Current Research Projects
Disease, Movement and the Evolution of Cannibalism
Cannibalism is an extremely widespread behavior among animals. It is of particular interest in the fields of behavioral and evolutionary ecology, because it is perhaps the supreme example of a non-altruistic, or selfish, behavior. Cannibalism can have strong positive effects on Darwinian fitness of the cannibal, because it provides high-quality meals and simultaneously eliminates competitors. However, cannibalism can also have strong negative fitness effects if the cannibal accidentally eats a close relative or contracts a virulent pathogen from its victim. Given these strong costs, how does cannibalistic behavior evolve?
This project is In collaboration with Jay Rosenheim (University of California, Davis) and Moshe Coll (Hebrew University of Jerusalem, Rehovot). Its overarching goal is to develop a synthetic theory (using evolutionary agent-based models, which represent individuals foraging and reproducing in a simulated spatial environment) to explore how cannibalism evolves. We hypothesize that permissive pathways to the evolution of cannibalism may be created by behavioral traits that decouple the costs of cannibalism from its benefits. To ground the model in real biology, and to test important assumptions underlying the model, the project integrates modeling work with observational and experimental studies of the cannibalistic big-eyed bug, Geocoris pallens.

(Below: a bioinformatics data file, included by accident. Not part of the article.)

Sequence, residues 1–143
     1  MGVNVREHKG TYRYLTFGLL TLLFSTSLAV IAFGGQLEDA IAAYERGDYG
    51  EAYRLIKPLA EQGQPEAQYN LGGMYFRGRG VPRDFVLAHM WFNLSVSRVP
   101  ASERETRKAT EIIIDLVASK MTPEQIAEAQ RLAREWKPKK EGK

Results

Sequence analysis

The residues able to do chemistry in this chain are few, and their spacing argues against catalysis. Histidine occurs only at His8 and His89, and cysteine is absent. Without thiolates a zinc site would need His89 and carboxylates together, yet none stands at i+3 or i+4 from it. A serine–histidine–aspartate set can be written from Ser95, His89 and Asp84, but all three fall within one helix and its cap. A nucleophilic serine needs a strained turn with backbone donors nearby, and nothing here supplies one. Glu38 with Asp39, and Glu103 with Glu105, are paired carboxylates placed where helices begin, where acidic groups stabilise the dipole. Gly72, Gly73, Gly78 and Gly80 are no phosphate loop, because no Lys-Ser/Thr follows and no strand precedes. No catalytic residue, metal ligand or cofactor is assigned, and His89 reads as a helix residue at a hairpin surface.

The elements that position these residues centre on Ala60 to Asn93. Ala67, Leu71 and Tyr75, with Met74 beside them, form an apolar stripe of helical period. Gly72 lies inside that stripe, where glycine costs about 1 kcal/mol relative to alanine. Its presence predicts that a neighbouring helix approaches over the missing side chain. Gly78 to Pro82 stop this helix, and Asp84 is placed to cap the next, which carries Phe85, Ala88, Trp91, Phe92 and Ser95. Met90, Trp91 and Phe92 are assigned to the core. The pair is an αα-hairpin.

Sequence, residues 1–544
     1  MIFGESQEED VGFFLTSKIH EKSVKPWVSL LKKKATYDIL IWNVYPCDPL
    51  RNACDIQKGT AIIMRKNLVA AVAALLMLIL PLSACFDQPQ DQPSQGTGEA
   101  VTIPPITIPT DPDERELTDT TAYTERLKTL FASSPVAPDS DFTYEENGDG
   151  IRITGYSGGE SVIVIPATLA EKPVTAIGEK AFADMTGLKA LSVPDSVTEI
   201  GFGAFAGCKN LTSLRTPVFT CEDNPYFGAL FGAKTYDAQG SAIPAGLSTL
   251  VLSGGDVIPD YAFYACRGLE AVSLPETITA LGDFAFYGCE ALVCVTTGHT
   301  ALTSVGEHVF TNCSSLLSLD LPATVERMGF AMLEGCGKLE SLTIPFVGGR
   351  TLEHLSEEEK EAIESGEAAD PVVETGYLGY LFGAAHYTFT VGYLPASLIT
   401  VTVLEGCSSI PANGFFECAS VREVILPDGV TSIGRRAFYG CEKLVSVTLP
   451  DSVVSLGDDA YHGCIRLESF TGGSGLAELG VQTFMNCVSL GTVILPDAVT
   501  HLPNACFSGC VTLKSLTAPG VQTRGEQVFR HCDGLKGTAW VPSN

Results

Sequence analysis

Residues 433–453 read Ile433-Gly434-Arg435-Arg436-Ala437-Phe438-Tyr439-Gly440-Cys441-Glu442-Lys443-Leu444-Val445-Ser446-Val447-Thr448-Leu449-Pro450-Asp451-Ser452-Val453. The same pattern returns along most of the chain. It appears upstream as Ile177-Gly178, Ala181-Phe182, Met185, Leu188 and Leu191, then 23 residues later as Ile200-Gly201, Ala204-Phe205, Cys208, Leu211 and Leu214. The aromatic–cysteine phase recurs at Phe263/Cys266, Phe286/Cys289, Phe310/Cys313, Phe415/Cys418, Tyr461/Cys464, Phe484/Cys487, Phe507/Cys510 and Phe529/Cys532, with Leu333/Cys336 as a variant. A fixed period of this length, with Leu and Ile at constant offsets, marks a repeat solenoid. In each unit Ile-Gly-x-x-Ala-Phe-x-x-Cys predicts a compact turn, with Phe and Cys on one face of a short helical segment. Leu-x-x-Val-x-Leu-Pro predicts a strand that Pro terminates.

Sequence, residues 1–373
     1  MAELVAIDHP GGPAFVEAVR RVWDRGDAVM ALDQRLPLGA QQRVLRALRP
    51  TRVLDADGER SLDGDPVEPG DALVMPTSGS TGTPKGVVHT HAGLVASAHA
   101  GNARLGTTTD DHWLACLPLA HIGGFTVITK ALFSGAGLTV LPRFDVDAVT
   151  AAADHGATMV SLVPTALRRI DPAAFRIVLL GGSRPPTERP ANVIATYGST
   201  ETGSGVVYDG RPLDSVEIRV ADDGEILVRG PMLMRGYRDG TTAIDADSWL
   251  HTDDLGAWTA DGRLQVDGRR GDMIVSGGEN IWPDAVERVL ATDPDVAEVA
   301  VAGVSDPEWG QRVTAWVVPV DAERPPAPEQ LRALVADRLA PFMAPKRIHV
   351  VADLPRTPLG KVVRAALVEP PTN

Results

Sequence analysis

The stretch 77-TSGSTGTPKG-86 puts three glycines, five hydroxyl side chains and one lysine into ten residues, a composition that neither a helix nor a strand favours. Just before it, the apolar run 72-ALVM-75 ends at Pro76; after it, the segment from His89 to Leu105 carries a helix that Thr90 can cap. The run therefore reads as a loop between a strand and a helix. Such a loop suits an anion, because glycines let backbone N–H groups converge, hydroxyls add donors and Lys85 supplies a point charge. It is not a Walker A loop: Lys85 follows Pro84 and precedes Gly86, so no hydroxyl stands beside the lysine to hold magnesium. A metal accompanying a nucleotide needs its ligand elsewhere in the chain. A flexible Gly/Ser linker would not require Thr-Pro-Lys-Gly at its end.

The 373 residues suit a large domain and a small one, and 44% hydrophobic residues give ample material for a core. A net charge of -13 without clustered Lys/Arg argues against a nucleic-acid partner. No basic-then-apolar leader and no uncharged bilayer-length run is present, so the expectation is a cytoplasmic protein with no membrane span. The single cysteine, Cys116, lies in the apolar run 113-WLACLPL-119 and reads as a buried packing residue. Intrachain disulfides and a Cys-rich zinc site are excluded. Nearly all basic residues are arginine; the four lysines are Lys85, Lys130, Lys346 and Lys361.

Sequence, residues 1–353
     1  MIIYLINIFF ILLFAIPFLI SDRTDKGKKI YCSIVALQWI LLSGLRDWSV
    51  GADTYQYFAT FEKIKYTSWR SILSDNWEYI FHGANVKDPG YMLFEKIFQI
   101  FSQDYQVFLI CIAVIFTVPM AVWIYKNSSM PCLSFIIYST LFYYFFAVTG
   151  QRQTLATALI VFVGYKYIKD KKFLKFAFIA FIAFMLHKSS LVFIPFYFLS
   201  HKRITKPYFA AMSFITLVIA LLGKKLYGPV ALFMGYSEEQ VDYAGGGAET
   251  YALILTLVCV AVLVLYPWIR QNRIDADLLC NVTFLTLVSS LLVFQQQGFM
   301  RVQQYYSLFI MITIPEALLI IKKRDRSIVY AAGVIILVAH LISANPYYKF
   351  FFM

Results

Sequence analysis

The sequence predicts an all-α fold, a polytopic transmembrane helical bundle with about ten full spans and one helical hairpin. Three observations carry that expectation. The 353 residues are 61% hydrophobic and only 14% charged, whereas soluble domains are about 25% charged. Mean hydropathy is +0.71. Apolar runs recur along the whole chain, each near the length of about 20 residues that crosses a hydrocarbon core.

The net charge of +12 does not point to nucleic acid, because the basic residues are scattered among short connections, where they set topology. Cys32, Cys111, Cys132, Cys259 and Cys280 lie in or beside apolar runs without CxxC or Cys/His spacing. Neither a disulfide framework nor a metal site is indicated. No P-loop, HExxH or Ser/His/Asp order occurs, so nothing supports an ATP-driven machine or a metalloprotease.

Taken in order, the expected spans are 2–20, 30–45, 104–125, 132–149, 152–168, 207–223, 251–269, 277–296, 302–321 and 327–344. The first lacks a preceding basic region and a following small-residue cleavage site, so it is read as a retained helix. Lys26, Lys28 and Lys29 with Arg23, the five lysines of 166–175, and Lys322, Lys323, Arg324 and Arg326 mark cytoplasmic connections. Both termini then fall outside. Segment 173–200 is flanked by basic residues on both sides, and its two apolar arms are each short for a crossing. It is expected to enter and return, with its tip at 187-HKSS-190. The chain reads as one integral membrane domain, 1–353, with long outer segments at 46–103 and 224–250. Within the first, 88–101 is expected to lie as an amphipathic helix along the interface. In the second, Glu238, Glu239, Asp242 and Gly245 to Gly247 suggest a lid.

We have discovered recently in Geocoris what appears to be the first known case of a pathogen that triggers a strong increase in its host’s expression of cannibalism: cannibalism jumps from ca. 5% to >90% for infected individuals. We propose to characterize further this cannibalism-eliciting pathogen and to develop theory for the influence of pathogens on the expression and the evolution of cannibalism. Early observations in the field suggest that Geocoris populations appear to be crashing in some areas of its range. We are trying to decipher the potential contributing roles of cannibalism and the virus as drivers. Geocoris is an important biological control agent and an influential player in the arthropod communities of many annual crops. Therefore, this work has important implications for agriculture.
Papers published thus far from this project:
- Sadeh A, Northfield TD, Rosenheim JA (2016) The epidemiology and evolution of parasite transmission through cannibalism. Ecology 97(8):2003-2011 [PDF] [journal link]
- Sadeh A, Rosenheim JA (2016) Cannibalism amplifies the spread of vertically-transmitted pathogens. Ecology 97(8):1994-2002 [PDF] [journal link]